*Domaine Faiveley Gevrey-Chambertin “Clos de Beze” Grand Cru 2005. 100% pinot noir. The seductive bouquet of ripe and dried black cherry, raspberry and currant is buoyed by violets and lavender and anchored in an earthy character that’s almost mossy and musky (meaning that this is good and desirable). It’s very dry and large-framed in the mouth, with deep foundations of earth and minerals, new leather, dense oak and slightly austere tannins. Try from 2010 or ’12 to 2015 to ’18. Excellent, and a pinot noir of immense character and dignity. About — giving one pause — $350 a bottle, of which 130 six-bottle cases were imported.
*Domaine Faiveley Chambolle-Musigny “La Combes d’Orveau” Premier Cru 2005. 100% pinot noir. Have mercy, this wine is huge! Not just huge but reticent, not just reticent but brooding, without, thank goodness lapsing into truculence, being saved by glimmers of deep, dark black fruit flavors, exotic spice and a mineral quality that’s almost scintillating. Obviously made for the long-haul, this should be given from 2010 or ’14 through 2015 to ’20. Excellent. About $176 a bottle, of which 30 six-bottle cases were imported.
*Domaine Faively Corton “Clos des Cortons Faiveley” Grand Cru Monopole 2005. 100% pinot noir. My first notes are “tremendous — HUGE — god, what a nose!” I guess that sort of tells you everything you need to know, except that for a wine of such amazing heft and substance and power, it remains remarkably light on its feet, with a delicacy of dried and fresh roses and violets, like lace on a midnight black velvet dress, and intense and concentrated black fruit scents and flavors. The tannins, though, are broad, scrunchy, austere. A monument that requires some polishing from 2010 or ’12 to 2015 or ’18. Excellent. About $195 a bottle, of which 200 six-bottle cases were imported.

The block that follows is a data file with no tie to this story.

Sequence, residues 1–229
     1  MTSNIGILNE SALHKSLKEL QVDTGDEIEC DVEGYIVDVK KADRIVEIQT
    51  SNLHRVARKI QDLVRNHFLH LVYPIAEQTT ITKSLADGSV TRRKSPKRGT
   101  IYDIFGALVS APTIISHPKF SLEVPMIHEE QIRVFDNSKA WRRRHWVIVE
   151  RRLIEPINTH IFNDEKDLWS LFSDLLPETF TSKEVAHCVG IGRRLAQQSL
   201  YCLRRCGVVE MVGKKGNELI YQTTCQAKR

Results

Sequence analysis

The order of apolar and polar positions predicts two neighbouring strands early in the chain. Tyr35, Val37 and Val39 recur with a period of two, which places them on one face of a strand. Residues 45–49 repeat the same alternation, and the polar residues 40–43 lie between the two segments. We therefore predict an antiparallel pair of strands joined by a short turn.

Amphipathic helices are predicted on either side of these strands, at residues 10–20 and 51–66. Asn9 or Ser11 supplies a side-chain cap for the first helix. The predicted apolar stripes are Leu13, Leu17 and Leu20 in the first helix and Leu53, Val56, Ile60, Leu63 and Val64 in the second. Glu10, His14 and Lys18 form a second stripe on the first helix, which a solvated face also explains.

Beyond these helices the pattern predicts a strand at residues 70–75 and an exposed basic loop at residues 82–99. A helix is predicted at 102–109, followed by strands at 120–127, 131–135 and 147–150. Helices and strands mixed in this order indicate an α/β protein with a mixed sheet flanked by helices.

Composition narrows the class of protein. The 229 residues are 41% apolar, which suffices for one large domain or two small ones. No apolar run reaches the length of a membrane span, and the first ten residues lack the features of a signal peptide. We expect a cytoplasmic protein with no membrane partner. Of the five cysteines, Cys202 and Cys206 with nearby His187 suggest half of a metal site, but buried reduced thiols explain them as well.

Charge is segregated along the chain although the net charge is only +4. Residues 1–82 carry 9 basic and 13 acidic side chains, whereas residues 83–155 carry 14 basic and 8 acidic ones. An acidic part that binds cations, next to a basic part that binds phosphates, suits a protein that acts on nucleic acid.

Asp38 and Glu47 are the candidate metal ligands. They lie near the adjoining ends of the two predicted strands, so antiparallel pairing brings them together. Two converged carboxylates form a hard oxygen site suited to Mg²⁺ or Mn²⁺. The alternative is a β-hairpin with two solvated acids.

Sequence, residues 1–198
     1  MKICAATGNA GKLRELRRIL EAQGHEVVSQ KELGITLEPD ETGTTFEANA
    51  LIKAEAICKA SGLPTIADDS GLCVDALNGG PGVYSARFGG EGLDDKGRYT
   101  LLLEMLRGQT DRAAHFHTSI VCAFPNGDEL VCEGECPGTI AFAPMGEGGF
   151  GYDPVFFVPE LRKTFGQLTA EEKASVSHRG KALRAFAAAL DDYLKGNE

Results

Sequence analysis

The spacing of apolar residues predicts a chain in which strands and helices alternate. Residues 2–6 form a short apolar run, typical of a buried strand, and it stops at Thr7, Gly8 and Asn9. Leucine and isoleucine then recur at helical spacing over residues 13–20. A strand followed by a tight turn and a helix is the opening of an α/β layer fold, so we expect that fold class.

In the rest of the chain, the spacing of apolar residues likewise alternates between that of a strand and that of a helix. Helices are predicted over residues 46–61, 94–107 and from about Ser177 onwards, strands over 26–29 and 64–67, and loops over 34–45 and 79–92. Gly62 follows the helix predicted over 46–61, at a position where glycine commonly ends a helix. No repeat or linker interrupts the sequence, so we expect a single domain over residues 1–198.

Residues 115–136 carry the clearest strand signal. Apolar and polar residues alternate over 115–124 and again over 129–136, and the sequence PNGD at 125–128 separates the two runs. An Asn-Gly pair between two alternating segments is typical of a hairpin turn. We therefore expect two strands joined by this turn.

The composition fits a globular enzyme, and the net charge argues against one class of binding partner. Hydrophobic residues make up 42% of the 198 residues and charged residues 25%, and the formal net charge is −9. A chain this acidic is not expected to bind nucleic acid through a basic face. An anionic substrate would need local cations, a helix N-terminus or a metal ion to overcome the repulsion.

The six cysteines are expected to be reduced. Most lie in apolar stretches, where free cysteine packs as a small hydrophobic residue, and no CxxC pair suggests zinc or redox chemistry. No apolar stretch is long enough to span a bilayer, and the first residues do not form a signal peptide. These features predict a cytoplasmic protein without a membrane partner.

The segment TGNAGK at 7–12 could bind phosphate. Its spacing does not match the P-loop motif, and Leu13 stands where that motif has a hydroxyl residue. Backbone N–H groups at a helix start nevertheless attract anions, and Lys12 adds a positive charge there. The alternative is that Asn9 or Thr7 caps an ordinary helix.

So, why mention these wines except that, as with Everest, they’re there?
Well, that’s one reason, of course. The other is to allow readers who, like myself, mainly concern themselves with everyday drinking wines, the opportunity to expand their awareness of the possibilities of wine even vicariously, the way we look at expensive watches or automobiles or rare books. The Faiveley wines reviewed here, rare and costly, will end up on the wine lists of high-ticket restaurants and in the cellars of a few collectors. So be it. They still represent the epitome of what the world’s ancient heritage of wine-making — and Burgundy’s — is all about: authenticity, integrity, eloquence.
Faiveley does offer far less expensive wines than these Premier and Grand Cru wines, which represent a fraction of the house’s production. In addition to the Mercurey Clos Rochette Monopole 2004 mentioned above, look for the white Faiveley Montagny “Domaine de la Croix Jacquelet” 2004, about $21, the red Mercurey “Domaine de la Croix Jacquelet” 2004, about $21, and, always a reliable label, Faiveley’s appealing “Georges Faiveley” Bourgogne Chardonnay 2004, about $17.